LOS ANGELES, CA. – A little over a year ago, Councilmember Tom LaBonge and Rec & Parks GM Jon Kirk Mukri responded to community protests over the 2003 Griffith Park Master Plan Draft by forming a Working Group with the mandate of preparing a “revised” Master Plan Draft.
The meetings are monthly, open to the public, somewhat contentious and consistently long with public comment coming at the end of a typically long evening.
The August meeting was a little different, featuring guest speakers from the Autry National Center and from the Los Angeles Zoo. Both facilities are Griffith Park “tenants.”
John Gray, President and CEO of the Autry, was braced for confrontation and came with quite an entourage, all as a result of the controversy over the assimilation of the Southwest Museum and its assets into the Autry family.
Our friends at the Autry were quick to reach out to the cyclists in the room by pointing out that their restrooms are kept open before and after Autry Museum operating hours for the convenience of the cyclists in the park.
(I took the liberty of pointing out that their bike racks are antiquated and that if they were to call Michelle Mowery, Bikeways Coordinator for the Department of Transportation, (213-972-4962) the city might provide new and effective bike racks!)
I urge readers to call John Gray (323-667-2000) to thank him for providing access to the Autry rest rooms and to encourage him to provide appropriate and effective bicycle parking at the Griffith Park Campus of the Autry National Center.
John Lewis, General Manager of the Los Angeles Zoo, was next to present and his vision for the LA Zoo was captivating and exciting. This is not to say that it was without conflict.
Plans call for a 17 million dollar parking lot replacement, tapping into Prop “O” money. I pointed out that Rec and Parks has gone on record as saying that 10 million dollars for shuttle service throughout the park is cost prohibitive. How then would investing in the future of free parking with a price tag of 17 million be a reasonable advantage?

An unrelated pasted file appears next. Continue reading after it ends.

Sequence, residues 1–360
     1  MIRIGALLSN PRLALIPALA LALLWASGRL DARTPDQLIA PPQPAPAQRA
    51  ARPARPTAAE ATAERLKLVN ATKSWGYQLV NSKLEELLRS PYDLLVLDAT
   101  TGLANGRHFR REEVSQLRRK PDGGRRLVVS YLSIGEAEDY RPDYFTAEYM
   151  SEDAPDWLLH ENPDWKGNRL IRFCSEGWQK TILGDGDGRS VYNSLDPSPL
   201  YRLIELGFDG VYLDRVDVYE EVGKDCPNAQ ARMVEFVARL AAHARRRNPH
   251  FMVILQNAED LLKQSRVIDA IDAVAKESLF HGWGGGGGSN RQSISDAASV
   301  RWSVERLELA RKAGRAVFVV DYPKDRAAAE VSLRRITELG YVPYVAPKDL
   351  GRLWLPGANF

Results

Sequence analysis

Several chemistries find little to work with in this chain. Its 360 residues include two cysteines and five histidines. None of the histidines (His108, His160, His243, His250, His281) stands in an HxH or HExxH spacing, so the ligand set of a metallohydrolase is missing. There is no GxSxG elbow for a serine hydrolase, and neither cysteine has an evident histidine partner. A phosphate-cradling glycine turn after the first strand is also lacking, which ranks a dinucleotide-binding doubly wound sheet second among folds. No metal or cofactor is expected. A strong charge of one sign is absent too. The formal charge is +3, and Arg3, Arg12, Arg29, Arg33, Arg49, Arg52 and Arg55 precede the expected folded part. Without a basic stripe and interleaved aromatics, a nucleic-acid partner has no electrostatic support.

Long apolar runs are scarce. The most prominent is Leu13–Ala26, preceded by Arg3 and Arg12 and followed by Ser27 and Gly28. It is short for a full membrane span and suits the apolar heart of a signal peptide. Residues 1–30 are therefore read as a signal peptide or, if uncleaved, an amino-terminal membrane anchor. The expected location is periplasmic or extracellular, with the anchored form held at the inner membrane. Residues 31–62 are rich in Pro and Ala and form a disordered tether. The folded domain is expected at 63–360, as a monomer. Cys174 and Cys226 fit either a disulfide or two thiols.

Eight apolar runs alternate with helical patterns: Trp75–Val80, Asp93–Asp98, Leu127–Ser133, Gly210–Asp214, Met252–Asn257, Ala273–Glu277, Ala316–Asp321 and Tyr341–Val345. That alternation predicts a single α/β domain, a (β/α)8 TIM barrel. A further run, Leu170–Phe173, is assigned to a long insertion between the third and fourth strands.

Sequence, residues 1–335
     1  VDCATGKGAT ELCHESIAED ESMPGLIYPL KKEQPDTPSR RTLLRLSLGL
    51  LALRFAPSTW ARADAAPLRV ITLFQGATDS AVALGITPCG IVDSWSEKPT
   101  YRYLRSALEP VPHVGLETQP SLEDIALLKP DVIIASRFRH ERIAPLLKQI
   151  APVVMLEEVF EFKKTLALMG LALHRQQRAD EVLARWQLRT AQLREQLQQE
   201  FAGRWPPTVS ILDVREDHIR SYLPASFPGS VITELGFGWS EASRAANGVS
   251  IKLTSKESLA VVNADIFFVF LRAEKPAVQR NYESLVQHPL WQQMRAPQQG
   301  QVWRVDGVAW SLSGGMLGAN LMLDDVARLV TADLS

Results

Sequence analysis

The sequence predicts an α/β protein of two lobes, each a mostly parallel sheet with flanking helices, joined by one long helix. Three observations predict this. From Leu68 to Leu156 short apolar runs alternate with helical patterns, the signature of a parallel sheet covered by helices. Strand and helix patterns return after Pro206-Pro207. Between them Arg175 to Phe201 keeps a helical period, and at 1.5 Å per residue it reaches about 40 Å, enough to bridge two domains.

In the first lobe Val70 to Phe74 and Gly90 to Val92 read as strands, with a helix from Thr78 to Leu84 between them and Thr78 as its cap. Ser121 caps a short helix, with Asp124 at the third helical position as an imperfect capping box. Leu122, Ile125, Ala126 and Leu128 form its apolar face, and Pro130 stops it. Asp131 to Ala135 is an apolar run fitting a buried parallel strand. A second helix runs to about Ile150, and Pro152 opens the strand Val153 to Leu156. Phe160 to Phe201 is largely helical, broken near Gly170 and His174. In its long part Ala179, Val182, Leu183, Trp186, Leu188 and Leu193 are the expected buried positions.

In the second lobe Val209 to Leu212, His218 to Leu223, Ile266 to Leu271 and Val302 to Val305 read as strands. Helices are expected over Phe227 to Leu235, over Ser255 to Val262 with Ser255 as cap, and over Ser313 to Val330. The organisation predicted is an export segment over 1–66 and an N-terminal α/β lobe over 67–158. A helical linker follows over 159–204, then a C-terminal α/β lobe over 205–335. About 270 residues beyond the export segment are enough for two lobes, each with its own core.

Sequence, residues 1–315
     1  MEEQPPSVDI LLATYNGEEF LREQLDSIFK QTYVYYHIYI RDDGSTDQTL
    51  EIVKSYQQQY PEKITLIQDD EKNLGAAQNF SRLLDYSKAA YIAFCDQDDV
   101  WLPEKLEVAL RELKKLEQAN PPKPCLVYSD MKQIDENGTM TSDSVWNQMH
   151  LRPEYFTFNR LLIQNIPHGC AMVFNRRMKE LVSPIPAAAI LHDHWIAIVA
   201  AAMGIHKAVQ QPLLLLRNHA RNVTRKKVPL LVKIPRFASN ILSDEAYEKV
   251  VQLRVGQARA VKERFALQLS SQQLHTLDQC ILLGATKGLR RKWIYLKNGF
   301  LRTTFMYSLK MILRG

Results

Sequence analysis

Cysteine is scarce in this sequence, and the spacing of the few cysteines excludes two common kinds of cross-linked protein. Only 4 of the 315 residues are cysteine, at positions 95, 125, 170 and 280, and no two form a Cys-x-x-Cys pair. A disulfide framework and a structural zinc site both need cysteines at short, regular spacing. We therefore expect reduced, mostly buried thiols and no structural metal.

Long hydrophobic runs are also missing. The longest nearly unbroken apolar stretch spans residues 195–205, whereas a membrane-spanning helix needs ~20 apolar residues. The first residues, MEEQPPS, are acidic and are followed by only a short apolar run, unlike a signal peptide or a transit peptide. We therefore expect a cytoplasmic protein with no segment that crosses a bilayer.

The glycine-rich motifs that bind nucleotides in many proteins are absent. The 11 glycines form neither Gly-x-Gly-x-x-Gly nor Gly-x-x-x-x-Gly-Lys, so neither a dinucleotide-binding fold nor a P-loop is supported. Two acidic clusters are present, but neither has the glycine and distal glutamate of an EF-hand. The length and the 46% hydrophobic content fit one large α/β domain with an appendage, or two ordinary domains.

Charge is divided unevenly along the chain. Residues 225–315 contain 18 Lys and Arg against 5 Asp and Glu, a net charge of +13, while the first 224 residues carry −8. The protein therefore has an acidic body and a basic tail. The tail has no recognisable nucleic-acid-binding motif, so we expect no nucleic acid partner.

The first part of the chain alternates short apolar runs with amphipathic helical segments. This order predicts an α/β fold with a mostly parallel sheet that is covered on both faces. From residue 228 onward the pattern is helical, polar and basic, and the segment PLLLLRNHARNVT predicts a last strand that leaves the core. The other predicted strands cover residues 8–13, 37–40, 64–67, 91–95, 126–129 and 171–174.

Before I could yell “Free the Elephants, not the Parking Lot!” John had moved on and was discussing the attractions.
After the presentation I spoke to John about the huge illuminated LA Zoo sign (situated in the middle of an urban wilderness, adjacent to the Observatory, illuminated only after the zoo has closed!) and the lack of appropriate bicycle parking.
John was quite amenable and took copious notes. I was pleased to note (see pic) that the simplest of the requests (turn off the sign) was handled immediately.
Again I urge readers to pick up the phone, this time to call John Lewis (323-644-4200) to thank him for turning down the lights and to encourage him to provide appropriate and effective bicycle parking at the Los Angeles Zoo.
Los Angeles Zoo - current bicycle parking solution 9/2006